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Non-Native Plants Project Shortlisted for Environmental Pioneer Award

Catherine Chatters, the New Forest Non-Native Plants Officer, is delighted that The New Forest Non-Native Plants Project has been shortlisted for one of the Environment Agency’s 2010 Environmental Pioneer Awards.

 
 
Catherine Chatters (Hampshire Wildlife Trust) and Tim Sykes (Environment Agency)2
PRLog - Nov. 25, 2010 - SOUTHAMPTON, U.K. -- Catherine Chatters, the New Forest Non-Native Plants Officer, is delighted that The New Forest Non-Native Plants Project has been shortlisted for one of the Environment Agency’s 2010 Environmental Pioneer Awards.

The winners were announced at the Environment Agency’s environment10 conference at Central Hall in Westminster on Wednesday 24 November where Rt Hon Chris Huhne MP, Secretary of State for Energy and Climate Change, was guest speaker.

In nominating the Project for the Environment Agency Staff Award for Environmental Achievement, Tim Sykes of the Environment Agency’s office in Romsey, said “Oozing enthusiasm, Catherine Chatters proves that enhancing the environment is as much about people as it is about nature”.

Catherine, who works for the Hampshire & Isle of Wight Wildlife Trust, agrees that the success of the New Forest Non-Native Plants Project has definitely been due to strong partnerships with the large number of people who have got involved with the project. “I have been thrilled with the positive response we’ve had from all sorts of people who have wanted to help stop the spread of non-native invasive plants in the New Forest area”.

Landowners have recognised the need to take urgent action to tackle invasive plants on their land, particularly along the Forest’s river banks. Hundreds of people have voluntarily given up their time to help with the massive task of pulling up Himalayan balsam this summer before their ‘explosive’ seed pods ripen. Students and graduates from Southampton University have also played a critical role as volunteers by carrying out surveys and monitoring the effectiveness of herbicide treatment to control invasive plans such as parrot’s feather and American skunk cabbage. Dozens of local naturalists and members of the public have submitted their records of non-native invasive plants to help Catherine prioritise action on the ground.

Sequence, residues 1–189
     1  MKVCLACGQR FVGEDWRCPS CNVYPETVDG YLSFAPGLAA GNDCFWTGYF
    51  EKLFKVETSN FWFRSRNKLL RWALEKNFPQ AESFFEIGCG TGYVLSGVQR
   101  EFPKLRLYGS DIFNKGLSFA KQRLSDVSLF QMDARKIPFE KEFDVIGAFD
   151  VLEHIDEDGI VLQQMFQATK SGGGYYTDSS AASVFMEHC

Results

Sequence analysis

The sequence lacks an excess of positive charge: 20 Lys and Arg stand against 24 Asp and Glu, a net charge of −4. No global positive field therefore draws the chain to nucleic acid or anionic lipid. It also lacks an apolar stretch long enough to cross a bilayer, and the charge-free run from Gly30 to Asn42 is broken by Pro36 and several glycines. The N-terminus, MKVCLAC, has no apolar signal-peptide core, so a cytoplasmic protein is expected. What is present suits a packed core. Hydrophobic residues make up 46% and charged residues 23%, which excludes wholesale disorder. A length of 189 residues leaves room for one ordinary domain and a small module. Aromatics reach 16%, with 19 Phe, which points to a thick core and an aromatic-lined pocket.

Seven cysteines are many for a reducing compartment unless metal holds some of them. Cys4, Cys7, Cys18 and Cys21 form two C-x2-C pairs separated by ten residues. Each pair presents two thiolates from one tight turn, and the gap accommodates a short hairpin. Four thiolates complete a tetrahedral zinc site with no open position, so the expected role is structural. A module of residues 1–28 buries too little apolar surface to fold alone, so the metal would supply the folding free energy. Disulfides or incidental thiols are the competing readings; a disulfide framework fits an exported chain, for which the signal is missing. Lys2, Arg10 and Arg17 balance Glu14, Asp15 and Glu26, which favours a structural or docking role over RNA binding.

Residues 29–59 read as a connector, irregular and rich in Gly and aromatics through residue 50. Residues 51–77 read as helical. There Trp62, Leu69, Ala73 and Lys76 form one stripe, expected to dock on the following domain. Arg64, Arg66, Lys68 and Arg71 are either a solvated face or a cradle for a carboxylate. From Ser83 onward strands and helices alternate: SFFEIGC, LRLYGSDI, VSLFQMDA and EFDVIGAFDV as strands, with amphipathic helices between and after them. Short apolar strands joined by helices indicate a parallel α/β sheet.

If you are interested in getting involved with the New Forest Non-Native Plants Project please see http://www.hwt.org.uk/pages/new-forest-non-native-plants-... or contact Catherine at catherinec@hwt.org.uk

The 2010 Environmental Pioneer Awards (the Environment Agency’s inaugural green awards) are dedicated to recognising organisations and individuals leading the way in environmental performance. One of 8 award categories, the Environment Agency staff award for environmental achievement is awarded for ‘outstanding achievements of an organisation or individual on environmental issues’. Environment Agency staff have nominated and voted for those that ‘consistently lead the way in their environmental ambition and performance’.

The three nominations for the Environment Agency Staff Award for Environmental Achievement were:-
•   New Forest Non-Native Plants Project
•   The Transition Network
•   Co-operative Group
The New Forest Non-Native Plants Project is jointly funded by Hampshire & Isle of Wight Wildlife Trust, the Environment Agency, the Forestry Commission, Natural England, Department for Environment, Food & Rural Affairs (Defra) and the New Forest National Park Authority who are contributing financially from core funds and the Sustainable Development Fund.

For further information please contact:
Catherine Chatters, Hampshire & Isle of Wight Wildlife Trust, 02380 424205, 07770 923315, catherinec@hwt.org.uk

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The Hampshire & Isle of Wight Wildlife Trust strives to create a better future for wildlife and wild places in Hampshire and the Isle of Wight.  It is the leading wildlife charity in the counties of Hampshire and the Isle of Wight, and is part of a nationwide network of 47 local charities. We work together to create a better future for wildlife and wild places in the UK. With the support of our 28,000 members, the Hampshire and Isle of Wight Trust is taking effective action to protect our natural heritage, helping it to flourish again. Find out more at www.hwt.org.uk

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The Hampshire and Isle of Wight Wildlife Trust is a charity that works to protect wildlife and wild places. We manage over 50 wildlife reserves which are some of the most important wildlife sites in Hampshire and the Isle of Wight.

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